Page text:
The number of people who filed for unemployment assistance in the U.S. last week rose to the highest level since late-March, dampening optimism over the U.S. labor market, official data showed on Thursday.
In a report, the U.S. Department of Labor said the number of individuals filing for initial jobless benefits in the week ending December 14 increased by 10,000 to a seasonally adjusted 379,000.
Analysts had expected U.S. jobless claims to fall by 35,000 to 334,000 last week from the previous week’s revised total of 369,000.
Continuing jobless claims in the week ended December 7 rose to 2.884 million from 2.790 million in the preceding week. Analysts had expected continuing claims to decline to 2.780 million.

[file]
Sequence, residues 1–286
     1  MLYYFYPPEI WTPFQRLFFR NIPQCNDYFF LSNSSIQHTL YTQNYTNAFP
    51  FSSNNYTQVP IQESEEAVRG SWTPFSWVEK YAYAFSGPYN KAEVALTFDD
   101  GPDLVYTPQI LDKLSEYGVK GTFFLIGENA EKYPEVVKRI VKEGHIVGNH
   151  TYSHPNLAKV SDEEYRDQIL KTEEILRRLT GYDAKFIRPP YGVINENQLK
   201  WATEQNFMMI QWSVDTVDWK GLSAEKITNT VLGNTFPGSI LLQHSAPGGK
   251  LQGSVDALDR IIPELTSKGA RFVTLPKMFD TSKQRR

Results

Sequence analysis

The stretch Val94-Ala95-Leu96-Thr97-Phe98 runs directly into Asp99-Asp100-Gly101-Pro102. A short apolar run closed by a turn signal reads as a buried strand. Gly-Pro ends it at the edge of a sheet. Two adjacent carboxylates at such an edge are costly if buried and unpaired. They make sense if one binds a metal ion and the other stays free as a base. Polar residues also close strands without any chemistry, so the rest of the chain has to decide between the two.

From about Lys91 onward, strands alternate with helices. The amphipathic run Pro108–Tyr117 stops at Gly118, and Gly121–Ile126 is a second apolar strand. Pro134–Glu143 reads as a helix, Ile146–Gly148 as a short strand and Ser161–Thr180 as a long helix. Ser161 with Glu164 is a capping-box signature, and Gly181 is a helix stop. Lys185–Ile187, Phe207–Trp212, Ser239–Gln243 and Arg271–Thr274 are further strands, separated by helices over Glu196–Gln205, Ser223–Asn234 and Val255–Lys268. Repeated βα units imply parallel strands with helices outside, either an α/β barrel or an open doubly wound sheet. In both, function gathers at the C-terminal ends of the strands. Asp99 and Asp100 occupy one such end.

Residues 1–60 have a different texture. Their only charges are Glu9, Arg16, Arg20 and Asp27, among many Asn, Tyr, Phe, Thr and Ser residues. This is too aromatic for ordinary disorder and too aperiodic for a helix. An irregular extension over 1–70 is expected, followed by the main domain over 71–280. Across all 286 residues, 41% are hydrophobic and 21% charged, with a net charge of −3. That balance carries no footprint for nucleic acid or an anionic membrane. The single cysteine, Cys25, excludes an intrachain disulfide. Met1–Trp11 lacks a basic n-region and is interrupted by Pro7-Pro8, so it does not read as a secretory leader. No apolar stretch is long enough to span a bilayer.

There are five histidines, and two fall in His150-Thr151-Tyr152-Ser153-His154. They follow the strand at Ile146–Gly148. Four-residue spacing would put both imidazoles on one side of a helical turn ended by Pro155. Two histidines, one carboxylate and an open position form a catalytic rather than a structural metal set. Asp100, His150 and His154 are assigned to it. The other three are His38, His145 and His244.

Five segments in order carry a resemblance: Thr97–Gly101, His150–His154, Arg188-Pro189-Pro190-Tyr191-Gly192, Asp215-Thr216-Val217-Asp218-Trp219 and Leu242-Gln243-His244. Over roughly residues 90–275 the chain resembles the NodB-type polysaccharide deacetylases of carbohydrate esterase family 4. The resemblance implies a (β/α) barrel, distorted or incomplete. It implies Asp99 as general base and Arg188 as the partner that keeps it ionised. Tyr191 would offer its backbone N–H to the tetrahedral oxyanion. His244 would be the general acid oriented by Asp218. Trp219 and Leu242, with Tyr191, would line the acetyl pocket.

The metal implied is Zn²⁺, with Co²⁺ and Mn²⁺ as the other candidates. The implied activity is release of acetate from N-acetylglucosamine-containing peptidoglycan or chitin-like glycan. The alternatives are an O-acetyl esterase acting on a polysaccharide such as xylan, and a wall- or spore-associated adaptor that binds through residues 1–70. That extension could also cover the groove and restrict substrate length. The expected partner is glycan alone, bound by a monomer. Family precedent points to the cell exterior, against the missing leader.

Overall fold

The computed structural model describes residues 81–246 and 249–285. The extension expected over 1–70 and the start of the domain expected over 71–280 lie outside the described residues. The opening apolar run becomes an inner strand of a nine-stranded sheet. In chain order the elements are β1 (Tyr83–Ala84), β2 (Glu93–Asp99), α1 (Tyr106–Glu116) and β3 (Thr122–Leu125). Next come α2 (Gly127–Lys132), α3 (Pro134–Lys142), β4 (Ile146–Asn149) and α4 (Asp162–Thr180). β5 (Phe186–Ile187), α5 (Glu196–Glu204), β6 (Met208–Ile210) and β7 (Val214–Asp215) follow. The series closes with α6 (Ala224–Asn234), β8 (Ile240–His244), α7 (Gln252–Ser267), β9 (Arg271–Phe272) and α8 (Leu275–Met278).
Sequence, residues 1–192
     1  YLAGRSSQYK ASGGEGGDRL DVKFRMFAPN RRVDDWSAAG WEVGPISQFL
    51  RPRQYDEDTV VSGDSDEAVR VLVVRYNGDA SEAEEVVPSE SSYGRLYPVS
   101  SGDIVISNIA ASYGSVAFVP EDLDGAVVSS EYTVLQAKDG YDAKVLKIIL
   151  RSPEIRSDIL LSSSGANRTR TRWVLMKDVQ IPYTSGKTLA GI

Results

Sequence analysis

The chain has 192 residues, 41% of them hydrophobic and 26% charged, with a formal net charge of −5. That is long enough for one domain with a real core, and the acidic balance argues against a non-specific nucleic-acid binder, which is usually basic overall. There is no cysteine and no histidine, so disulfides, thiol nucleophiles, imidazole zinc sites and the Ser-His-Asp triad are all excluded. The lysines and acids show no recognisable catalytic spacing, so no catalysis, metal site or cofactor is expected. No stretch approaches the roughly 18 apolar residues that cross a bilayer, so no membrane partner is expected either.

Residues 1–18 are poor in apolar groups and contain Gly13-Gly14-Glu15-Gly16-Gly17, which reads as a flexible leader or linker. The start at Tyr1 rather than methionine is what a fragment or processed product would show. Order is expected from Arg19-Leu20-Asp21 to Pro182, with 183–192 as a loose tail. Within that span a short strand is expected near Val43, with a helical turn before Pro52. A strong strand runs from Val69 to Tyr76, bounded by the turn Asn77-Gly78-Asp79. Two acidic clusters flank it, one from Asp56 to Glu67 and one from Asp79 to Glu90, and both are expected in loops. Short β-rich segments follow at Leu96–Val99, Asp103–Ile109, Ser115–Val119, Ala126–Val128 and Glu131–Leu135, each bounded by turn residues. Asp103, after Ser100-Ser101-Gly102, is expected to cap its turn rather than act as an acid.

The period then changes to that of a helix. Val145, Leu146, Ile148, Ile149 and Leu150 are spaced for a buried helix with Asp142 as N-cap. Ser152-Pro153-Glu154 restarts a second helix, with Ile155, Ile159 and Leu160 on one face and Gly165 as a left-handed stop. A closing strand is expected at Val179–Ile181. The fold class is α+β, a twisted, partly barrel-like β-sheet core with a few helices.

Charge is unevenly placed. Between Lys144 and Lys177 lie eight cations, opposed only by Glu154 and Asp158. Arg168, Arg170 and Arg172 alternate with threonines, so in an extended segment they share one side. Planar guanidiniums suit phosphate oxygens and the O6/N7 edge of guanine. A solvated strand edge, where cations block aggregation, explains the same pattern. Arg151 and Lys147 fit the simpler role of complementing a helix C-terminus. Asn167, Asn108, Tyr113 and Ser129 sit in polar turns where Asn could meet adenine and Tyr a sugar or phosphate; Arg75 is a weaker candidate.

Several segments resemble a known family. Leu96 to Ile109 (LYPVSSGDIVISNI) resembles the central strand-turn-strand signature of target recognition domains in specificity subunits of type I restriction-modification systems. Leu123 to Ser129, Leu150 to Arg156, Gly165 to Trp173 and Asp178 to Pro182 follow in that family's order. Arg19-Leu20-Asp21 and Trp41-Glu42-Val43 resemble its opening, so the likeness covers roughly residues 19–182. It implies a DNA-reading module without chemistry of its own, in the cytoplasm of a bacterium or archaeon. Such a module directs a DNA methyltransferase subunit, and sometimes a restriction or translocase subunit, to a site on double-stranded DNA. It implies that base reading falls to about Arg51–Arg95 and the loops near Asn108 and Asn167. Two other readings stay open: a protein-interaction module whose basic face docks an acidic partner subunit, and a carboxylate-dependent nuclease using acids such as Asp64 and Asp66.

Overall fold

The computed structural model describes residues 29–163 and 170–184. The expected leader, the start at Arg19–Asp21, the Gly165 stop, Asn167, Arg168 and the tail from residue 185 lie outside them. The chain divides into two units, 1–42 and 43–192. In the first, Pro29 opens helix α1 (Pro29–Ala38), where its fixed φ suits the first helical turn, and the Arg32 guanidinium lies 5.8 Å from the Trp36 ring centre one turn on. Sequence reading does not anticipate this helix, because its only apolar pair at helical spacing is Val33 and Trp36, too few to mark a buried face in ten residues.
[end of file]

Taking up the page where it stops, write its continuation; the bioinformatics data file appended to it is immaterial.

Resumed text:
The four-week moving average was 343,500, an increase of 13,250 from the previous week''s average of 330,250. The monthly average is seen as a more accurate gauge of labor trends because it reduces volatility in the week-to-week data.
Following the release of the data, the U.S. dollar remained modestly lower against the euro, with EUR/USD shedding 0.09% to trade at 1.3673.
Meanwhile, U.S. stock index futures pointed to a lower open. The Dow Jones Industrial Average futures pointed to a loss of 0.1%, S&P 500 futures indicated a drop of 0.1%, while the Nasdaq 100 futures signaled a decline of 0.2%.
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